Why this blog?

I’ve been thinking a lot about what I want this blog to be. I know the blog will meet a personal need to keep track of what I read. But as I was driving to pick up my kids from camp yesterday, listening to the Audible.com version of Susan Mallery’s Irresistable, it hit me what else I want it to do: be a meta review site.

Being an academic, I research everything. I hate to be a walking (typing?) stereotype, but it’s true. So, when I am thinking about whether to buy a romance novel, especially by an author who is new to me, I read lots of reviews.

When I am deciding whether to purchase a book, I read reviews on Amazon.com (often this makes me feel a bit icky afterwards, but I have to start somewhere), then on to my favorite romance review websites (see the links on the sidebar). It is no surprise that reviews on Amazon.com are all over the map, what with authors’ husbands, BFFs, critique partners, and pet parakeets vying to get the raves in before disgruntled former fans, competing authors, and evil pet monkeys skew things with their one star slams. And then you have the batch of folks who wandered in from some other genre, complaining that the book focuses heavily on the central relationship between the heroine and hero, that there is sex (!), and that everything gets resolved in the end. So, not so reliable.

The dedicated romance review websites which I usually turn to next are much, much better. These are knowledgeable folks who understand the genre — its constraints, possibilities, history, and often, thanks to their industry connections, current and future trends. Reading reviews on those websites usually enhances my appreciation and understanding of a book, and I consider them part of the reading experience itself. Still, despite purported objectivity in their rankings (An “A” grade, or a “five star” review, is supposed to mean not just “I like it”, but “It is good, and I like it because it is good.”) there are a lot of differences among those reviews as well.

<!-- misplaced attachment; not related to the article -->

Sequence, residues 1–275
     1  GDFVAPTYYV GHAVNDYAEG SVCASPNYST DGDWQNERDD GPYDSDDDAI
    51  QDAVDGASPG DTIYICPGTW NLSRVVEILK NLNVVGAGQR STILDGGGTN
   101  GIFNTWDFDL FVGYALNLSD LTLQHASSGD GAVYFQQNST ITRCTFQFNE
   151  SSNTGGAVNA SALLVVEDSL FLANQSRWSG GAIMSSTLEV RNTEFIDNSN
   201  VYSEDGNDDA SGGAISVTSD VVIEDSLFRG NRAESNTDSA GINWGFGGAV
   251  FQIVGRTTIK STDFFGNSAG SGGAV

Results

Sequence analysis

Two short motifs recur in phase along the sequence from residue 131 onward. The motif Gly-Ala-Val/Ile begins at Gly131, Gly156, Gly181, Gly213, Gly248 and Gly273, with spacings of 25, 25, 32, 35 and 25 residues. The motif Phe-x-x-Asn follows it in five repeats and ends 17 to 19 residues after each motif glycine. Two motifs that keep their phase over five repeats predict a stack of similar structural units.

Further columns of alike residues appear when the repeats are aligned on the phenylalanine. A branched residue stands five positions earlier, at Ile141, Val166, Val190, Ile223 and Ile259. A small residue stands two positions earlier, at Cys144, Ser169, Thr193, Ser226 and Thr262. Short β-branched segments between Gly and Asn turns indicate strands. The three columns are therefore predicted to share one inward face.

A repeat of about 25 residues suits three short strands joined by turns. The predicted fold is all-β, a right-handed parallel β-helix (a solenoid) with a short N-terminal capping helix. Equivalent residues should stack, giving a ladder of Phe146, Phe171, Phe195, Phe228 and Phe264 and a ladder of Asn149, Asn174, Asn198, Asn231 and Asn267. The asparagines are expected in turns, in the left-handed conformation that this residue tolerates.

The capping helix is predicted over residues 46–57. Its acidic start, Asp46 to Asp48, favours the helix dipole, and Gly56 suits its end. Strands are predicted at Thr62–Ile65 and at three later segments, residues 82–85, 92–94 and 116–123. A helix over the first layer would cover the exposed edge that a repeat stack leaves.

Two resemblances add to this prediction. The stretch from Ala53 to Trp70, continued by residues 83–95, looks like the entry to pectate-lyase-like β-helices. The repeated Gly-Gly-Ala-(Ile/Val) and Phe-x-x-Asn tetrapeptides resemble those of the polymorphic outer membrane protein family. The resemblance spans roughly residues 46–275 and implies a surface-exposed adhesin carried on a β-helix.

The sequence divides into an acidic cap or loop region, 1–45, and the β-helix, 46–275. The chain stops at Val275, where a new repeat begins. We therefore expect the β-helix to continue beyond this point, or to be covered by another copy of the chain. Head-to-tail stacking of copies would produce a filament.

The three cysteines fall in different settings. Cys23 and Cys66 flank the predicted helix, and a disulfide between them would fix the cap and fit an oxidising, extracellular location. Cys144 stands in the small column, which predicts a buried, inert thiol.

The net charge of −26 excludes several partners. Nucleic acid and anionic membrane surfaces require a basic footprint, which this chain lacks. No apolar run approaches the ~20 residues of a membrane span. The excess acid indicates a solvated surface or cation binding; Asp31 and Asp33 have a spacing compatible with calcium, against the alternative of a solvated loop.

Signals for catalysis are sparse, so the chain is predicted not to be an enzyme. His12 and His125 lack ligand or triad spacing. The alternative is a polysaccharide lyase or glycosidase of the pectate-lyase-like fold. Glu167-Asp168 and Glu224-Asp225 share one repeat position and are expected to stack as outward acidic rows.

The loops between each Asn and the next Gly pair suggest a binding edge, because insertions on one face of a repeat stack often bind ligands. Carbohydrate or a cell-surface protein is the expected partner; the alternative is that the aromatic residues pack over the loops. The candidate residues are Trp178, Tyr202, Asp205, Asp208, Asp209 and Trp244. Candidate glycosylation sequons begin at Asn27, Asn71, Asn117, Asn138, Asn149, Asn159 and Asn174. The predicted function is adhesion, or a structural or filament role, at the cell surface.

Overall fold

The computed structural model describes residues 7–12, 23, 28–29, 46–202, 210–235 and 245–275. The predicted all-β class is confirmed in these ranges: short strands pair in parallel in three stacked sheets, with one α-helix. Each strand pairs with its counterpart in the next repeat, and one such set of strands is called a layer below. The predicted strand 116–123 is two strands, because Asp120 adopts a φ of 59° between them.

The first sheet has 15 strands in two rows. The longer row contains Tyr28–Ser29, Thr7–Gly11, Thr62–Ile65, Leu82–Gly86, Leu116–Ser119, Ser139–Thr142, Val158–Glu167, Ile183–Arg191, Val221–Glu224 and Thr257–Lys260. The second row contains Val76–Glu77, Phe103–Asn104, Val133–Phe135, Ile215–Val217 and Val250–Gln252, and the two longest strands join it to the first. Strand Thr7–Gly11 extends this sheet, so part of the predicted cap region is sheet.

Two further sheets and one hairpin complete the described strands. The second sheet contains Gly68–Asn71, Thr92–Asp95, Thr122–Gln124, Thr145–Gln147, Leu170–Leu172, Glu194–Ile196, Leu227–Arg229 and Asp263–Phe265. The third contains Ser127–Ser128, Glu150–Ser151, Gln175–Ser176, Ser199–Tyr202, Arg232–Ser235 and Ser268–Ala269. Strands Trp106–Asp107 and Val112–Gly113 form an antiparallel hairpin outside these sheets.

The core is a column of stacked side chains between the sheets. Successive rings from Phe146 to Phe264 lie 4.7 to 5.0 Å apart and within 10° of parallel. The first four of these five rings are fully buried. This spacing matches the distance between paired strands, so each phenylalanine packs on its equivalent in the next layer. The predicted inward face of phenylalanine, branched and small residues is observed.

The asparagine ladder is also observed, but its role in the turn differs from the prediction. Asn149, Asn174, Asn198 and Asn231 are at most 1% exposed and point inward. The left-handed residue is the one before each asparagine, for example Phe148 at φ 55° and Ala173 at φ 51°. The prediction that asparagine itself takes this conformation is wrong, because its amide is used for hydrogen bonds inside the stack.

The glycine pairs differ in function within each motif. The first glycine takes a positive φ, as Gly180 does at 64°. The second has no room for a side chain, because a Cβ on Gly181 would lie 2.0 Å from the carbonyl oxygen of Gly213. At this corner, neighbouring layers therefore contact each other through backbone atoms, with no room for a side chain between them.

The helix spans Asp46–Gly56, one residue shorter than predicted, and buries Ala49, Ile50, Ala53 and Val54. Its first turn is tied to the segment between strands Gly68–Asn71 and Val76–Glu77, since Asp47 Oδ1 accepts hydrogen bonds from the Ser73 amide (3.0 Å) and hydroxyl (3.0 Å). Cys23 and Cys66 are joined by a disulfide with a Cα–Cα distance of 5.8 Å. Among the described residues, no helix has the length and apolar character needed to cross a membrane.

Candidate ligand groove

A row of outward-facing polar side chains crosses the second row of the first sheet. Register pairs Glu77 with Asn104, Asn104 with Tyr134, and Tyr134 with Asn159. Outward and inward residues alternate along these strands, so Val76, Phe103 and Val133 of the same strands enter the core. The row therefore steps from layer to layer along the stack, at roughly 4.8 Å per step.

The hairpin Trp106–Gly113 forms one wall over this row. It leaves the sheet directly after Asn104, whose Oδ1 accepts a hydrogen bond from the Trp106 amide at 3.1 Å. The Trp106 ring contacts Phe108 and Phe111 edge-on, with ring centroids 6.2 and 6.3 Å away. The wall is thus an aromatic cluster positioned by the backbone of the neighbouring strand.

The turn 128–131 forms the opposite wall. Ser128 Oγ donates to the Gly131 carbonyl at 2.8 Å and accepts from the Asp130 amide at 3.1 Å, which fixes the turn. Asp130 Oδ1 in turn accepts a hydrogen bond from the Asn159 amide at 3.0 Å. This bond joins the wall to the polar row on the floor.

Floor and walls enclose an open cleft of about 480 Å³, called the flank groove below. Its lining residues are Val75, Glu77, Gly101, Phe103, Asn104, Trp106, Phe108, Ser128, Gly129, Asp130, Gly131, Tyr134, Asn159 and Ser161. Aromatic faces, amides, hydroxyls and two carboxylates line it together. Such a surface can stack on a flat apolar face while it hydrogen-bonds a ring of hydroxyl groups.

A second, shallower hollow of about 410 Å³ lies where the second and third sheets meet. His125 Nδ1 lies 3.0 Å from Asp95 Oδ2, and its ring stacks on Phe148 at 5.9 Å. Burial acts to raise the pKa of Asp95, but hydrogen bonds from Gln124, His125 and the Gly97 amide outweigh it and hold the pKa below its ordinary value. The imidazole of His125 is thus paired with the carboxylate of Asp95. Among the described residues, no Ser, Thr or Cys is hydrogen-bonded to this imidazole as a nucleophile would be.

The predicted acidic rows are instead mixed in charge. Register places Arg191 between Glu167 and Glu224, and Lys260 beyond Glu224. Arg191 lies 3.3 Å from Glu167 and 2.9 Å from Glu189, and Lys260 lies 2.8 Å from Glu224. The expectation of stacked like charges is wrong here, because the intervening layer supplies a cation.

Most online reviewers acknowledge the subjective aspects of their reviews, so this is not all that surprising. One reviewer might admit that she has a hard time reading about substance abusing parents because she had one, for example. But the reviews don’t just differ on the points that are obviously subjective. They also differ on core elements of the text. One reviewer thinks things were resolved too quickly at the end. Another reviewer disagrees.

A lot of colleagues in my academic discipline spend their lives trying to determine which aspects of the appreciation of literature (and yes, using this word to describe the genre has a political component, just like using “fetus” rather than “unborn child”, or, in a nod to the Brangelina twins, using “conceived via IVF” rather than “test tube babies”) are objective and which are a matter of personal taste.

Don’t worry — I am so not going there on this blog. This is supposed to be fun, not work. Besides, I like the disagreements, and find that when I read differing reviews, it is like entering a conversation. It’s especially nice for me, since I don’t know anyone else who reads romance novels in my real life, and the spousal unit can only take so much third party interest in what I’m reading.

But I thought it would be interesting to try to gather up the different reviews and put them in one place, so that’s what I plan to attempt, not for every book out there, but for a few of them anyway. I have to try to force myself not to think of this in terms of gathering data or future publications. It will not be scientific or complete.

But I’m gonna do it anyway, for my own edification and amusement. And hopefully, for a few others’ as well.

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Published in: on August 5, 2008 at 1:53 pm  Comments (2)  
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2 CommentsLeave a comment

  1. OK, I am totally in love with your blog. Going to pimp it.

    : )

  2. Ana,

    You had me at “my interview with Meljean”…

    🙂 thanks

    Jessica


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